When I started planning my trip, I had a fairly nonchalant attitude towards Niagara Falls. I was neither that excited nor did I have an expressed dislike. However, after asking a few veteran visitors, I kept getting the same response: the falls were definitely worth a trip. And I can now say that no one I talked to was a liar.
I pulled into the town of Niagara Falls, NY in the late evening with plans to do a quick run through of the falls in the morning, perhaps leaving the area by early afternoon. How wrong was I with that timetable expectation. As the dust settled on my Niagara Falls excursion, the sun had started its descent, and my legs had walked many miles on both American and Canadian soil.
How much research had I done before my Niagara adventure? None, which is typical for me. I had no idea what I was going to encounter rather than some water falling over some rocks. I didn’t know there was so much walking with increasingly interesting views to be had, thus I was doubly impressed when I found a park map.
When I learned there was so much walking, and that Zeus could go, the attraction became much more attractive. As we headed out to explore Goat Island, the weather sat heavy in the clouds, keeping the air cool and the colors a bit muted.
The first fall we encountered was the west side of American Falls. Since we were on the same side as the fall itself, viewing was a little tough at first, but the park has done a great job developing overlooks that offer the best views possible. The impressive design is credited to the creative genius of Frederick Law Olmstead, the landscape architect responsible for wonders such as Central Park in New York City and many university campuses including Berkeley and Stanford.
As we made our way west towards Horseshoe Falls, the views of American Falls changed and I started to grasp how incredibly massive the falls are. Water plunged roughly 100 feet and carried its own power both in the air and when it hit rock at the bottom. Spray flew into the air at all levels of the falls, creating a mist that covered the walkways and handrails.
I’m told Horseshoe Falls is best seen from the Canadian side, but we wanted the full-length feature, with bonus material, so we did the American side too. Horseshoe Falls starts off the western tip of Goat Island and curves around to the Canadian shore.
With an already overcast sky, the mist almost completely obscured the falls. I struggled to get a good photo and didn’t have much luck since most show white fuzz with some big buildings above it. In person, I saw the immensity of the fall and most of all heard the monstrous roar it produced. People had to shout to be heard on the overlook as the mist and wind created by the falls whipped around the weathered cliff we stood on.
After we finished walking Goat Island, we headed to the Canadian side where we could see Horseshoe Falls in its entirety.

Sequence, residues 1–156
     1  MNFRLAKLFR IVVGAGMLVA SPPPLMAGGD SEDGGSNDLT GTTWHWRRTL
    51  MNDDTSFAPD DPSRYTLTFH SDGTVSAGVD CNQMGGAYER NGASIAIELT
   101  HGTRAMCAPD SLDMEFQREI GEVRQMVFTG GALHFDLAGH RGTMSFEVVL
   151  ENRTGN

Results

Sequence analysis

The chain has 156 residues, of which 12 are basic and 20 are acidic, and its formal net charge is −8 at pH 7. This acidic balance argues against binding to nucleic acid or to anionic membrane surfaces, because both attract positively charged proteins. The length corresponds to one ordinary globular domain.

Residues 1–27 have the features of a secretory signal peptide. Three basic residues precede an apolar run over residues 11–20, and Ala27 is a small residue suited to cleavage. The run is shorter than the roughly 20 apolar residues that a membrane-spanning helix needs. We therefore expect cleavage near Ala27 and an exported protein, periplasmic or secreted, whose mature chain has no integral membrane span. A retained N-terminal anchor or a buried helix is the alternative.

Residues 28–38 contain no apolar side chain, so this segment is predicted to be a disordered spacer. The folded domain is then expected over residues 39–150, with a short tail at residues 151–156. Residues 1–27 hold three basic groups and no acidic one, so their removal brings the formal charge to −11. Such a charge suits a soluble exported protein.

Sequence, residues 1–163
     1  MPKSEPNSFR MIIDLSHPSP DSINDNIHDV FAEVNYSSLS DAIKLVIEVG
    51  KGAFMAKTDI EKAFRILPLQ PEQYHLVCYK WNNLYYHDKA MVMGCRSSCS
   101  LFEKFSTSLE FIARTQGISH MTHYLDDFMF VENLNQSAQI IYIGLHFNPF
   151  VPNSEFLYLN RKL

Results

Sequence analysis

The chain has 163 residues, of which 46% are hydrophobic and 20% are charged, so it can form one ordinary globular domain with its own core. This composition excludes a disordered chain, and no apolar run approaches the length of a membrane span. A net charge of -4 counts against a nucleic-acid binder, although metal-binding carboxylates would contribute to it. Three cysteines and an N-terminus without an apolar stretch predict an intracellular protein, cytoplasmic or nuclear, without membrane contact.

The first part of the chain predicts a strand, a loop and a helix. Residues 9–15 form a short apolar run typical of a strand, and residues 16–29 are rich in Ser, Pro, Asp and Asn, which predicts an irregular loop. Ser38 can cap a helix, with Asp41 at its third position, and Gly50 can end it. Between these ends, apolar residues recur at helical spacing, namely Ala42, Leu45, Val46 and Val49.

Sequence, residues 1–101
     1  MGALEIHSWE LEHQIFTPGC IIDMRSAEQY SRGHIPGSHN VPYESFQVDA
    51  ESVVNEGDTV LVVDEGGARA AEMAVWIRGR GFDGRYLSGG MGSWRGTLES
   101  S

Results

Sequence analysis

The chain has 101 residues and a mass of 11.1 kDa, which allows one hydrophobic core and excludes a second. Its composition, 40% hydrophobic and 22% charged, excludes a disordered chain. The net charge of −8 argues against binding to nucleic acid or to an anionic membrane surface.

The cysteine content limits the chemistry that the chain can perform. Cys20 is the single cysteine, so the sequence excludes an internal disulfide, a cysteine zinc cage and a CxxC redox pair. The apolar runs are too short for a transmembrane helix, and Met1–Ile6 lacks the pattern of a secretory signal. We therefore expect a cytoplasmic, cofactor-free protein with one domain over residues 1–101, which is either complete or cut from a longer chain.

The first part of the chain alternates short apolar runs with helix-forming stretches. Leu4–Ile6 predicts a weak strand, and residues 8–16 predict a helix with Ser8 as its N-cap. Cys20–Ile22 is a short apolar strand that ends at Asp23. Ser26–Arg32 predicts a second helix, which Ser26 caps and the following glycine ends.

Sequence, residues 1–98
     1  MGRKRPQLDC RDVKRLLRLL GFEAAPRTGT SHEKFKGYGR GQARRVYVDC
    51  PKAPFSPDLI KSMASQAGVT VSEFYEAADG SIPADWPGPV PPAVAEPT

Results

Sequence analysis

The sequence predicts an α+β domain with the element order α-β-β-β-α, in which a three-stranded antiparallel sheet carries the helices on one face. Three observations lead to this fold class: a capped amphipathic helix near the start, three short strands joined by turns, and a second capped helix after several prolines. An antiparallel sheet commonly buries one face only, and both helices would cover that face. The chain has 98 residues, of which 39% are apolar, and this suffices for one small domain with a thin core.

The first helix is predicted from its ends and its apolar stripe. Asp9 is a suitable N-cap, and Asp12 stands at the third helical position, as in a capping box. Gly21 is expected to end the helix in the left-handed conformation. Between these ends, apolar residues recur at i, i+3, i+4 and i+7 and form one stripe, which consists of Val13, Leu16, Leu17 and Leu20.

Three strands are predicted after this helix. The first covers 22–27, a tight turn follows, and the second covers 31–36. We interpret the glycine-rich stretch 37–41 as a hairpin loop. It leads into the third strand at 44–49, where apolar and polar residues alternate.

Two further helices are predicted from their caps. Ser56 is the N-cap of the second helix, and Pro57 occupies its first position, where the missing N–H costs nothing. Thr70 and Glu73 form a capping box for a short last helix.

Being close to Horseshoe Falls was hypnotizing, like watching a fire. The water kept flowing and changing, mesmerizing me in its variance and endurance. The power of the water, like fire, is similarly frightening and has inspired humans to do crazy things in its defiance, such as tightrope walking, kayaking, cliff jumping, and jet skiing off its edge. In most attempts, the water wins.
Even though I would not call myself a numbers person, numbers do help put things in perspective. I give you the following stats from the Niagara Falls State Park website for your number loving pleasure:
- 3,160 tons of water flow over the falls complex every second
- 75,750 gallons of water per second rush over American and Bridal Veil Falls
- 681,750 gallons flow over Horseshoe Falls each second
- Water falls at a rate of 32 feet per second over the falls, equaling 2,509 tons of force when it hits the bottom of Horseshoe Falls
- The falls create over 4 million kilowatts of electricity
As I researched how the advent of hydroelectric dams affected the falls, I ran into an interesting debate, as is fairly expected in issues of human interaction with nature. Before hydroelectric dams, the falls had even more water. Today, 60 to 75% of the flow is diverted upstream of the falls to create electricity used for both American and Canadian interests. Visitors now are only seeing 25 to 40% of the water and power Father Louis Hennepin, the first European to document the falls, saw in 1678.
The naturalist argument is pretty straightforward: today we are not seeing the true falls but rather a lesser representation of them. Plus, we are forcefully changing the natural environment of the falls, which inevitably produces altercations whose repercussions are difficult to measure.
The other side of the argument states that the reduction of flow actually creates falls with more “character”. More flow would create more mist and noise and reduce the amount of rock and visible variation. In addition, it is argued that the reduction of flow helps preserve the falls since less force is aiding the erosion of the falls themselves.
Interesting debate aside, the Canadian side is very quaint! The north has, in my opinion, better gift shops, but both sides have great trail systems that allow one to walk miles up and down the high shoreline. The border crossing at Niagara was hands down the easiest I’ve ever experienced as well. Since Zeus was with me, I was expecting a little headache, but all we needed was my passport and were through with no problem. I had vet records ready, but neither side asked for them.
Niagara Falls was definitely worth the trip, and I highly recommend everyone visit.
I may sound like a broken record at this point since I’ve loved every place I’ve been. However, everything can be seen through a rosy light when you don’t have many expectations, keep a curious mind, are easily entertained, and find new to be as intriguing as amazement and grandeur.